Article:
The Stockholm International Peace Research Institute (SIPRI), which specialises in researching conflicts and armaments, documented that from late 2012 to early 2013, 37 military cargo flights destined to extremist forces in Syria originated from various parts of Saudi Arabia. There were also 36 additional flights from Croatia to Jordan, which carried large amounts of weapons from the former Yugoslavia but were purchased in fact by the Saudis. At that juncture, Jordanian authorities also claimed to have seized several lorry loads of arms destined for Syria that had come from Riyadh, which can only reveal that a land route had been operational.
The Saudi-UAE axis was so blatant in grooming extremist elements that even former US Vice President Joe Biden publicly criticised the actions. At Harvard’s Kennedy School in 2014 he said, “the Saudis, the Emirates [UAE], etc. were so determined to take down Assad and essentially have a proxy Sunni-Shia war [that] they poured hundreds of millions of dollars and tens of thousands of tons of military weapons into anyone who would fight against Assad, except the people who were being supplied were Al Nusra and Al Qaeda.”
The ensuing internecine feuds within the opposition, the rise of the most extremist elements—who vehemently resisted any attempts at political resolutions—bear the hallmarks of the Saudi-UAE modus operandi.
Steered by an impetuous leader, Riyadh has further weakened the Sunni sphere, and the geo-strategic costs of the Saudis’ erratic behaviour are mounting.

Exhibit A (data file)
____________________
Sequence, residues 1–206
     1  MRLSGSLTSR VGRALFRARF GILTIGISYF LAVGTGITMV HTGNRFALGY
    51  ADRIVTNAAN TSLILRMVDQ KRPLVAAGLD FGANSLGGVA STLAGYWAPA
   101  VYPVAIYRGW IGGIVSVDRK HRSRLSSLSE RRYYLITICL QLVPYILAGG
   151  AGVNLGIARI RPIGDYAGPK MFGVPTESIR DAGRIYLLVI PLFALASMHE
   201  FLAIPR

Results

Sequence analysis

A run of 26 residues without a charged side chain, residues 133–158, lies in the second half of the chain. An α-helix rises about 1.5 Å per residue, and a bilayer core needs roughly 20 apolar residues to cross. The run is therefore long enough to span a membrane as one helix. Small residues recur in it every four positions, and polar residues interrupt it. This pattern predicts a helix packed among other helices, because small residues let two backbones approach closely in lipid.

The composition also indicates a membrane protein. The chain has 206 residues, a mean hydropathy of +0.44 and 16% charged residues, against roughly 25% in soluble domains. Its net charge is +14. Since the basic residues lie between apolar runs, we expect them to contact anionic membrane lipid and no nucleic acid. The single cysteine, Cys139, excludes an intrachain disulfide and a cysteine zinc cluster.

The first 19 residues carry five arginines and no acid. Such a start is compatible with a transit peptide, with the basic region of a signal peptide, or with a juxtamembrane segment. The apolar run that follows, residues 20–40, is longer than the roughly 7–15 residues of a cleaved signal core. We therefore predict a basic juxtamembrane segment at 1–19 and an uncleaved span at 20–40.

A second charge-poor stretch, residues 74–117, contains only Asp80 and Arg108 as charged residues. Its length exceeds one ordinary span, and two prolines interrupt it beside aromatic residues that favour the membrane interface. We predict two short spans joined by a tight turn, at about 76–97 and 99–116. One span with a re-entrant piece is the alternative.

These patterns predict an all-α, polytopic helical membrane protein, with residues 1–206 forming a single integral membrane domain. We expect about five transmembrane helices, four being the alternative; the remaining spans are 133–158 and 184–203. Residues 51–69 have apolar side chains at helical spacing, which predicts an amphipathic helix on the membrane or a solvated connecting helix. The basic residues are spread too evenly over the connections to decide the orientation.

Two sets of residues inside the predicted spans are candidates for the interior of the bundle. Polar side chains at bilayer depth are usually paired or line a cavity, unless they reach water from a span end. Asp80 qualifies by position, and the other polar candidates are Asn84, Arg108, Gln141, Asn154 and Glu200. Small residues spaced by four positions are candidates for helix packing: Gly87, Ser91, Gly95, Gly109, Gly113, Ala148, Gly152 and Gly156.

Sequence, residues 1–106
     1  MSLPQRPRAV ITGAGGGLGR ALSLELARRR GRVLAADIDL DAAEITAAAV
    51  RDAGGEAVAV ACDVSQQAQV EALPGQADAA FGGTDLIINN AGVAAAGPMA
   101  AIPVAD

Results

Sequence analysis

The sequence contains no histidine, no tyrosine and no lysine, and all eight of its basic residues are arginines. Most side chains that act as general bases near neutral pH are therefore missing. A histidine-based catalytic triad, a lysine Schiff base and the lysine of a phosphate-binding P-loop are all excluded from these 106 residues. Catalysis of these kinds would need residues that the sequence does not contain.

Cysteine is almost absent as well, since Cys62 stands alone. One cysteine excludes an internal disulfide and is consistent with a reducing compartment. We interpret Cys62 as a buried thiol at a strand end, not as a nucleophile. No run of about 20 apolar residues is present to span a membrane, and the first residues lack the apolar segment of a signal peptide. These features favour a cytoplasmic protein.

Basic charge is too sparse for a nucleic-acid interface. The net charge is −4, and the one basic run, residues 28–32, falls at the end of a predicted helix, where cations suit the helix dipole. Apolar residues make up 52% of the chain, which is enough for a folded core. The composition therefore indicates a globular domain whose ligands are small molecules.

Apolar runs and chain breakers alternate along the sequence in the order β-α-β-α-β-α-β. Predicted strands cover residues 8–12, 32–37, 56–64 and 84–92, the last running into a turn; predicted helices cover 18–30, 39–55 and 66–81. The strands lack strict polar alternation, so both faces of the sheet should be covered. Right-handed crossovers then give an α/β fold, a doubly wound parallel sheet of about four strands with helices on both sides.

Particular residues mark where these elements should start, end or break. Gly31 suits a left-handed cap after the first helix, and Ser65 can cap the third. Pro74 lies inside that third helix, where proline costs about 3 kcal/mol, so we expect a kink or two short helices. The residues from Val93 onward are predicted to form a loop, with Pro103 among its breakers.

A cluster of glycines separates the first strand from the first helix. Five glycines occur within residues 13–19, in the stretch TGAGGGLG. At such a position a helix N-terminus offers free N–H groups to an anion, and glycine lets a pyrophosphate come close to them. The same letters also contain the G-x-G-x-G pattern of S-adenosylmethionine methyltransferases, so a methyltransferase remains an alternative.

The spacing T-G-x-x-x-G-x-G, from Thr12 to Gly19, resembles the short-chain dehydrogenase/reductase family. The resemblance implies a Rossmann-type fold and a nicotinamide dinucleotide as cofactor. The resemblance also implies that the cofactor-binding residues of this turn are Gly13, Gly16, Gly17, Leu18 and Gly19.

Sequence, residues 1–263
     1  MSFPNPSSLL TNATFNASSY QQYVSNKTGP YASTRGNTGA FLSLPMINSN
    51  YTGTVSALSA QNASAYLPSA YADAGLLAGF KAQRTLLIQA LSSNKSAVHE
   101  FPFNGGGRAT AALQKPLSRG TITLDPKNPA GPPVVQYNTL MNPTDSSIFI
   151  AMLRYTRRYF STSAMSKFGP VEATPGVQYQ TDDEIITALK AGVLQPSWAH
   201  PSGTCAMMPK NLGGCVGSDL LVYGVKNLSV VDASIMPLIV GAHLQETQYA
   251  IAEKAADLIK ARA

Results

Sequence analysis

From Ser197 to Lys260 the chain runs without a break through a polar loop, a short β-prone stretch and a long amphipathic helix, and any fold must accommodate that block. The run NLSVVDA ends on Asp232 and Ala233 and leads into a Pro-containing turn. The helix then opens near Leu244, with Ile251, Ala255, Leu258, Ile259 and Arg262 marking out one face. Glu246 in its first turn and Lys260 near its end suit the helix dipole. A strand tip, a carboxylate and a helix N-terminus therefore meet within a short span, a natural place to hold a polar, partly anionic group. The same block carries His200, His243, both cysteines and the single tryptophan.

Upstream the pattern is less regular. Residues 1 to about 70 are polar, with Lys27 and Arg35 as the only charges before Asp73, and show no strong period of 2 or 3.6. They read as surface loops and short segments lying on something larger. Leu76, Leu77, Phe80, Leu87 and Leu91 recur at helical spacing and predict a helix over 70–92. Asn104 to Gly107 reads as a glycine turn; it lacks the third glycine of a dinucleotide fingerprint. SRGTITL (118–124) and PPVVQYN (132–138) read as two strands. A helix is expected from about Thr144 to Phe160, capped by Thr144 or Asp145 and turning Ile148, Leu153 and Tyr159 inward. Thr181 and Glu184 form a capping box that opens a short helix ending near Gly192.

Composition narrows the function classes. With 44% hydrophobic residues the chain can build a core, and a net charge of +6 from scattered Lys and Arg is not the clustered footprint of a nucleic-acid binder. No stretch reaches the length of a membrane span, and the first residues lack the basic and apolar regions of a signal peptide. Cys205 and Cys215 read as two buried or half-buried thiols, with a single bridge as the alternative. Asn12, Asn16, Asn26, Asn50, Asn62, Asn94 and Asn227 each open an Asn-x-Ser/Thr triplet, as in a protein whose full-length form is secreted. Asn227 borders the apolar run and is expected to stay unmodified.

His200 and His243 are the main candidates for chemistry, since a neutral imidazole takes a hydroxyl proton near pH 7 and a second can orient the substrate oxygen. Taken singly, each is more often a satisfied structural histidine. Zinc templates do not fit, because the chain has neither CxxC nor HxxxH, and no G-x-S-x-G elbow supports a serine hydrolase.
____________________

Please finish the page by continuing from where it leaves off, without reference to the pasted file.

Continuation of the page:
Riyadh continues to create havoc in its neighbourhood by venturing into an unwinnable war in Yemen and blockading Qatar.
In the interim, the situation in Syria worsens every day. While Turkey’s President Recep Tayyip Erdogan urged the international community to be aware of its responsibilities in Syria, the UN, the EU, and the Arab States continue to sit on the fence waiting for the dust to settle. Washington on the other hand is waging an economic war on Turkey and is intensifying its support for the Syrian branch of the internationally-recognised terror group, the PKK.
Even so, Ankara is sparing no effort to stop a full-fledged Russian attack in Idlib by trying to neutralise the most radical groups, which were funded and supported by the Saudi-UAE axis. For their part, the legitimate Syrian opposition is pinning its last hopes on Turkey to prevent a bloodbath that could represent a severe blow to their aspirations for freedom and liberty.
In its defence of the Idlib population, the Turkish presidency proves that right makes might and not vice versa.
People in the Middle East and North Africa are taking note of Turkey’s principled and humanitarian-driven foreign policy and continue to dream of a day where a new and better order will govern their realm. In the meantime, one should neither forget nor forgive the dark Saudi role in fostering extremism and creating more avenues for foreign intervention in the region.
Turkey, as a matter of fact, has always considered the Saudis as friends. However, during these times and as the old adage goes, it is certainly better to have intelligent enemies than stupid friends.